Initially, Community First Fund was expecting to approve $10 million in Paycheck Protection Program loans to help small businesses stay afloat during the COVID-19 pandemic, said President and CEO Daniel Betancourt.
But the lender – a community development financial institution, or CDFI, headquartered in Lancaster – quickly realized the demand would be enormous. The fund targets historically underserved populations, such as minority and women business owners, and serves 15 counties in southcentral and southeastern Pennsylvania. Betancourt calls Community First Fund “a mission-based bank.”
So the $10 million target became $20 million – and the capital to cover that has already been raised, he said.
The money “came just in time for us to replenish our reserves,” Betancourt said.
Community First Fund received low-interest (less than 1%) loans from three sources:
• $5 million from U.S. Bancorp Community Development Corp., the tax credit and community investment subsidiary of U.S. Bank. The fund was among seven CDFIs chosen nationwide.
• $10 million from PNC Financial Services Group. Community First was among eight CDFIs to receive PPP support loans.
• $5 million from the Federal Reserve’s PPP Liquidity Facility.
For the Fed to lend to community development financial institutions is “unprecedented,” Betancourt said.
And the PNC money, he added, was approved within days.
In a press release, Zack Boyers, CEO of for U.S. Bancorp Community Development Corp., said: “CDFIs are committed to supporting entrepreneurs and small businesses in low-income and underserved communities and that means collectively, these CDFIs will help keep paychecks flowing to employees who may need it the most.”
Many of Community First Fund’s clients are “mom and pop” establishments, with less than a quarter of a million dollars in annual sales, Betancourt said. They include barber shops. Salons. Auto mechanics. Restaurants.
The lender disbursed 500 loans out of that $20 million, which comes to an average of $40,000 per loan. The average for African American and Hispanic entrepreneurs was $15,000, he said.
Ninety-five percent of PPP applicants were approved, and the loans were issued within 10 business days, Betancourt said.
Susan Louie, owner of Citronnelle at 110 W. Orange St. in Lancaster — a French restaurant “with a global twist,” as she described it — received $12,400. For the past two months, with the eatery closed, that loan’s been her only source of income, Louie said. The establishment’s seven or so employees including Louie and her husband, Rafael Perez, the chef.
Citronnelle, in business seven years, plans to start offering takeout service next month, and patio dining when it reopens, she said.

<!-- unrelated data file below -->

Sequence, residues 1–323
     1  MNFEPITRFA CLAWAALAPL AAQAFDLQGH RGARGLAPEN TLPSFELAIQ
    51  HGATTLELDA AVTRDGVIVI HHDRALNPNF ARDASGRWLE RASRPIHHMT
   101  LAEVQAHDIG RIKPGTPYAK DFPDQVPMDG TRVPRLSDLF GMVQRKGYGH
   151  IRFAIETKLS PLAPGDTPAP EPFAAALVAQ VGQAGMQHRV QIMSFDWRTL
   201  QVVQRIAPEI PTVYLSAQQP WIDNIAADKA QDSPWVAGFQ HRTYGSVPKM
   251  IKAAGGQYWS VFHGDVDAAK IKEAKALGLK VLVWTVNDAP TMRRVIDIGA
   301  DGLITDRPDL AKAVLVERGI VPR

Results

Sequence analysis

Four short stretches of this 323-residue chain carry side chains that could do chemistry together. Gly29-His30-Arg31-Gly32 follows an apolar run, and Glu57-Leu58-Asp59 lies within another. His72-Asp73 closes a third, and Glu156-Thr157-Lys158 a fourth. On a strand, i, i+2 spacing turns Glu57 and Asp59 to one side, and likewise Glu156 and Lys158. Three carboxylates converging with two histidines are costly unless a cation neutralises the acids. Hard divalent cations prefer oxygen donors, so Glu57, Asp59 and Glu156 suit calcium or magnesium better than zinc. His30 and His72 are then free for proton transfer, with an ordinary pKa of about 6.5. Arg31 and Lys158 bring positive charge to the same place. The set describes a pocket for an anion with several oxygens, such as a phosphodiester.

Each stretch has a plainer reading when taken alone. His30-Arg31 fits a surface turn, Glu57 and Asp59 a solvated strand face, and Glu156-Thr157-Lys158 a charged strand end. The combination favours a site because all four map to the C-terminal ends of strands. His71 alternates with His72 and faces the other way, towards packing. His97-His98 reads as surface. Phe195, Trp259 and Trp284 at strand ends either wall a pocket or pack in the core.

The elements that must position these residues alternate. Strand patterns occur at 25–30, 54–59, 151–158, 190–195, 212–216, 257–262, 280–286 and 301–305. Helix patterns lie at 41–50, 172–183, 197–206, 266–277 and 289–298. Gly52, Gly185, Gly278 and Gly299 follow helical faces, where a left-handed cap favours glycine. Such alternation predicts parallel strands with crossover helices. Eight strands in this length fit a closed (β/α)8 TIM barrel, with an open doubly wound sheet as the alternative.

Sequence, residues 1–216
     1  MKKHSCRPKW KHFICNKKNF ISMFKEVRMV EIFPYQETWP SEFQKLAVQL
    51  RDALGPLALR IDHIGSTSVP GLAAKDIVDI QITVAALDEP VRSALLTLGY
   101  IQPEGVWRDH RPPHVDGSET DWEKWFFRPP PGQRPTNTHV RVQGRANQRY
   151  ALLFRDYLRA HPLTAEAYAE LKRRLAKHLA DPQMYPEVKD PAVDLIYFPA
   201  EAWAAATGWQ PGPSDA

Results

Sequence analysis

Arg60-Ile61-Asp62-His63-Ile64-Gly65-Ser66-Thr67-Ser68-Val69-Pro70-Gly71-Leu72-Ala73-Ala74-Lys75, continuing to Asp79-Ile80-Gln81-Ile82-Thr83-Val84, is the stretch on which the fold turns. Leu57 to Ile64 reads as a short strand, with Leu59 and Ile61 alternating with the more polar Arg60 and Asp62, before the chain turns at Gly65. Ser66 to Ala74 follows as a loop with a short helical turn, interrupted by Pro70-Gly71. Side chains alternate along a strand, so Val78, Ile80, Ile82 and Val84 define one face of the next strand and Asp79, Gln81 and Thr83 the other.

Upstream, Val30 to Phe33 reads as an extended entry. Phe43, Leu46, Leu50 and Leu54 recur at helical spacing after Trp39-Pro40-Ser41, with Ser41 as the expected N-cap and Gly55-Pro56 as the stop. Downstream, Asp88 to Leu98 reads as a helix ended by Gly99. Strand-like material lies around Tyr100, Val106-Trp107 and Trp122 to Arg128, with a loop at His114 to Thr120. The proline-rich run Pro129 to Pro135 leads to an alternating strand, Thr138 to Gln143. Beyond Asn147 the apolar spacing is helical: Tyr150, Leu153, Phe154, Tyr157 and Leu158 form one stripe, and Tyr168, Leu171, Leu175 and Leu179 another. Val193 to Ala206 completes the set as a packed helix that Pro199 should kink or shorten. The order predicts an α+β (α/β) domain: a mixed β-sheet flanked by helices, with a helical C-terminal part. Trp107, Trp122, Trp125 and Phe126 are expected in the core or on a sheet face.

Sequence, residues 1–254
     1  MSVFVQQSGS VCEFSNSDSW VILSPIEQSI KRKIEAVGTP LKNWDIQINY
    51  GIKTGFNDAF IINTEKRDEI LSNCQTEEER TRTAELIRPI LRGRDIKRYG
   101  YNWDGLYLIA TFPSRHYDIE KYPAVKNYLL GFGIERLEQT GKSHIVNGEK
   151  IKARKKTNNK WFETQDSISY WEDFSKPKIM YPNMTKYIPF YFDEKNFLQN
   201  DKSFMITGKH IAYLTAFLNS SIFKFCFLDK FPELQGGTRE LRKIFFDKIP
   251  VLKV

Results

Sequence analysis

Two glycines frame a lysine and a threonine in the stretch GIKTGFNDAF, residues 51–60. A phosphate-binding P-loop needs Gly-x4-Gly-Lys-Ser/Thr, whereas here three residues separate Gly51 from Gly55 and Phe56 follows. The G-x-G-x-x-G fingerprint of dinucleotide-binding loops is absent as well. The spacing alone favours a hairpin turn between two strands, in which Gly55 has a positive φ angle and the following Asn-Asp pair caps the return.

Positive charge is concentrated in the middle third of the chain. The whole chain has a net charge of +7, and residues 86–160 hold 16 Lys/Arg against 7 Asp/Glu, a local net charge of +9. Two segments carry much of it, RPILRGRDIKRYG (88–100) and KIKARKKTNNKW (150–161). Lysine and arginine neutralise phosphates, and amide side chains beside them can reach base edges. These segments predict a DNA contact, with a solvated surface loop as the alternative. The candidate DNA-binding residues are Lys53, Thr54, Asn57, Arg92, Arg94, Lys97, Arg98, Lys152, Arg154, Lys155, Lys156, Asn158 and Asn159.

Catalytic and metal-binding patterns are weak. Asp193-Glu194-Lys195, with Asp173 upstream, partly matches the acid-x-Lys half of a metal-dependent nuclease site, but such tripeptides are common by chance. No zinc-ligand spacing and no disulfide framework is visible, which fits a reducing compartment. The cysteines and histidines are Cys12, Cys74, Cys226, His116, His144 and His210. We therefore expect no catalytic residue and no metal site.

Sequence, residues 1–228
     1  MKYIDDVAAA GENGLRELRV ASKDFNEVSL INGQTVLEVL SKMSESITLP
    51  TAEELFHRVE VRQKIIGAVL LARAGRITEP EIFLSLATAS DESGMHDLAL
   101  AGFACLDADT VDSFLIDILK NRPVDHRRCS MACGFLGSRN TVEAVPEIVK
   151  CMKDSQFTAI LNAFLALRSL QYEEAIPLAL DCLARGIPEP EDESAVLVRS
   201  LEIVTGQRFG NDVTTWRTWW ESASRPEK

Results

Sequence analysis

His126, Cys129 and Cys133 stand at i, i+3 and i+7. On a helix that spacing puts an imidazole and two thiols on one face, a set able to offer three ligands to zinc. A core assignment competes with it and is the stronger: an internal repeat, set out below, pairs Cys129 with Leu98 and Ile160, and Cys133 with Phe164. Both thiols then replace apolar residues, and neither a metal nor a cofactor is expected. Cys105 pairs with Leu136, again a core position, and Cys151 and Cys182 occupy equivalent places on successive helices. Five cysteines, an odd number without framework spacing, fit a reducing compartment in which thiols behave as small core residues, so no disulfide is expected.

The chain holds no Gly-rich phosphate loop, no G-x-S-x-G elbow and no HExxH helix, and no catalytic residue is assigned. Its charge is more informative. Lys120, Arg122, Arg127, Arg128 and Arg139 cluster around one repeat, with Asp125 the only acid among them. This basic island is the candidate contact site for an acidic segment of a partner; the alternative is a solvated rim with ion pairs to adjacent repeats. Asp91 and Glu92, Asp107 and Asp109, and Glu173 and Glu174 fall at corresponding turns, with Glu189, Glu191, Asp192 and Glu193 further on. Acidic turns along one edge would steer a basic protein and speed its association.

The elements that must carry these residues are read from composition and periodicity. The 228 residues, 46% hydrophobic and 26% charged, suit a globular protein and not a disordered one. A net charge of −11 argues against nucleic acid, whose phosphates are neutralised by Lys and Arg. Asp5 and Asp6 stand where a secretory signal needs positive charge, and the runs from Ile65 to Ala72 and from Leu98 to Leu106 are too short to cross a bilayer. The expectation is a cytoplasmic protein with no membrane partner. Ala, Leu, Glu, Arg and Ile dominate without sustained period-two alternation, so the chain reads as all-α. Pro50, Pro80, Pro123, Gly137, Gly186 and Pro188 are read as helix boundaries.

The owner of M.A.K. by Judy hair salon, Judy Henriquez, was approved for a loan of more than $5,000. Her business at 402 W. Orange St. in Lancaster has been shuttered since mid-March, she said; the salon employs two stylists in addition to Henriquez.
A couple of friends recommended she apply with Community First Fund. The money has been a big short-term help, she said.
The PPP is part of the CARES Act, an economic stimulus signed into law last month. At least 75 percent of the loan money must be used for payroll, Betancourt said. “They have eight weeks to document they’re doing that.”
If Community First Fund verifies it, the loan is forgiven, he said.
Tyrik Jackson is a repeat client. The owner of Sharper Image Barber Shop at 361 E. Chestnut St. in Lancaster and Premier Barber Institute in Norristown, he received three prior loans from the lender before being approved for $6,400 through PPP. Community First Fund “is an incredible resource,” he said.
The fund also invests in “catalytic” community revitalization projects, Betancourt said. One of those was the Holiday Inn Lancaster, the former Brunswick.
The Holiday Inn received a PPP loan of about $450,000. Sam Wilsker, co-developer of the hotel with John Meeder, said the money helped with payroll for their 75 employees and allowed them to bring back the chef and others who work in The Imperial restaurant, which now offers takeout service.
“We’re doing what we can to hang on,” Wilsker said.
The hotel has some guests, including health care workers, and college students who can’t go home because of the pandemic, he said.
Turning the Brunswick, which was about to be condemned seven years ago, into a high-quality hotel was very challenging, Wilsker said.
It was “a labor of love – and pain” even before the COVID-19 pandemic, he added, and Community First Fund was a major reason it came to fruition.